Originally published in Blakes Bulletin on Labour & Employment, October 2006
On September 29, 2006, the Ontario Court of Appeal released its much-anticipated decision in Keays v. Honda Canada Inc. (Keays). In a 2-1 decision, the Court of Appeal upheld the trial judge’s award of 24 months’ pay in lieu of notice, but significantly reduced the punitive damages award from CAD 500,000 to CAD 100,000.
Kevin Keays’ (Keays) employment had been terminated by Honda Canada (Honda) on March 29, 2000, after 14 years with the Company. Keays started to suffer from Chronic Fatigue Syndrome (CFS) shortly after commencing his employment with Honda, although he was not diagnosed with CFS until 1997. Keays was dismissed after refusing to be assessed by Honda’s physician following a protracted dispute with Honda over the severity of his disability and the scope of Honda’s duty to accommodate him. Keays sued Honda for wrongful dismissal.
The trial judge found that Keays had been terminated without cause, and awarded him 15 months’ pay in lieu of reasonable notice, a nine-month extension of the notice period for "bad faith" discharge, and ordered Honda to pay a further CAD 500,000 in punitive damages, based on the discrimination and harassment that Keays had endured at Honda.
The Court of Appeal reduced this punitive damage award for two reasons: (1) because the trial judge had relied on several findings of fact that were not supported by the evidence; and (2) because the CAD 500,000 award failed to accord with the principle of "proportionality".
In applying this principle to the facts of this case, the Court held that a punitive damage award must be proportionate to the blameworthiness of the employer’s conduct, with particular attention paid to the duration of the misconduct. In Keays, the misconduct for which Honda was responsible took place over a seven-month period, not the five-year period to which the trial judge had referred. The Court also considered whether Honda’s conduct in relation to Keays was malicious and high-handed. While the Court acknowledged the gravity of some of the misconduct found by the trial judge, it concluded that Honda’s conduct could not be characterized as "malicious."
The decision of the Court of Appeal also cautions against placing too much weight on the relative size of the corporate defendant in assessing punitive damages, recognizing that "Indiscriminate use of the relative power of the defendant and the plaintiff as a significant factor would lead to unprincipled awards." Although the Court recognized that a defendant’s financial power could become relevant where it may rationally be concluded that a lesser award would fail to achieve deterrence, such circumstances did not exist in Keays because there was no pattern of abuse of other Honda employees.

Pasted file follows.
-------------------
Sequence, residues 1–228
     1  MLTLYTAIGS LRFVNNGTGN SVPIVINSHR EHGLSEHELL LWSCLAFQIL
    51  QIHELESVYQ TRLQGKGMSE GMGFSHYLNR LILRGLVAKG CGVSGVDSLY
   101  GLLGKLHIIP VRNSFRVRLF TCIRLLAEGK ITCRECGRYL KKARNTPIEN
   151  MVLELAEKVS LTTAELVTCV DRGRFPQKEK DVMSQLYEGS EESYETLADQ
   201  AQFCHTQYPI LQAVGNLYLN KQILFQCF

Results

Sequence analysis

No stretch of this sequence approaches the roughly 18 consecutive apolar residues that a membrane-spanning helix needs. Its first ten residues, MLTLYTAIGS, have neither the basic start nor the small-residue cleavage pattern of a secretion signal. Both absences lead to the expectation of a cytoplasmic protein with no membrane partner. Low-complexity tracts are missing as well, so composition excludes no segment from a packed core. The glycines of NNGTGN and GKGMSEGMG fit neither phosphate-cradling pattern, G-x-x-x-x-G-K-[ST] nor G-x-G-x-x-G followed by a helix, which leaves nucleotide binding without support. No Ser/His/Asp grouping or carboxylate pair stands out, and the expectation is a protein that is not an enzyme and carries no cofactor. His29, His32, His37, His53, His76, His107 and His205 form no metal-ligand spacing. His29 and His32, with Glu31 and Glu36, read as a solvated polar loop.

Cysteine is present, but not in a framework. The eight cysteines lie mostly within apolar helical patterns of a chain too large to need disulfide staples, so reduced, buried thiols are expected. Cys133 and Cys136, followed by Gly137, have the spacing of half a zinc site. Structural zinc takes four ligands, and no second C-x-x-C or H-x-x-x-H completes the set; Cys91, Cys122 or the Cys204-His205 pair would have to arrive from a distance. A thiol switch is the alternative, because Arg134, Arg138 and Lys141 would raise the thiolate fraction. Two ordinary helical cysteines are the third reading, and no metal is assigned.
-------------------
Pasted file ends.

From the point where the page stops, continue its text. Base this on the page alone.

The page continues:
As part of the proportionality analysis, the Court also considered the totality of all other damages assessed against Honda, including the compensatory damages awarded to Keays. Since the trial judge had already increased Keays’ notice entitlement by nine months based on "bad faith" conduct, which was essentially the same conduct that attracted the punitive damage award, the majority of the Court was of the view that the trial judge should have reduced the punitive damage award accordingly. (Justice Goudge, dissenting on this point, would not have reduced the punitive damage award.)
While the net result of this appeal is positive news for employers, the CAD 100,000 punitive sanction imposed on Honda (in addition to a 24-month notice award) still sends a powerful message to all employers to act in good faith in complying with their duty to accommodate a disabled employee to the point of undue hardship.
Although an award of punitive damages is still the exception rather than the rule in wrongful dismissal cases, Keays demonstrates that employer misconduct which amounts to a violation of an employee’s human rights can justify such an award. As articulated in that part of the reasons written by Justice Goudge :
"Where it [the employer] proceeds in bad faith and seeks to evade its legal obligation to accommodate those rendered vulnerable through disability by wrongfully terminating them, compensation and punishment are both justified."
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Back in July 2012, we covered "PVYW v Comcare" (No 2),  FCA 395, which concerned an employee in the HR department of an Australian government agency who was injured on a work-related trip to a country town in New South Wales.
The employee, Ashworth, alleged that the manager demanded that she close the door and then positioned herself in front of the closed door and started screaming and pointing her finger in the employee’s face.
A discussion on the judicial decision in a recent case, where a BC employer has successfully defended a claim for constructive dismissal despite taking away supervisory duties and moving the employee from an office to a cubicle.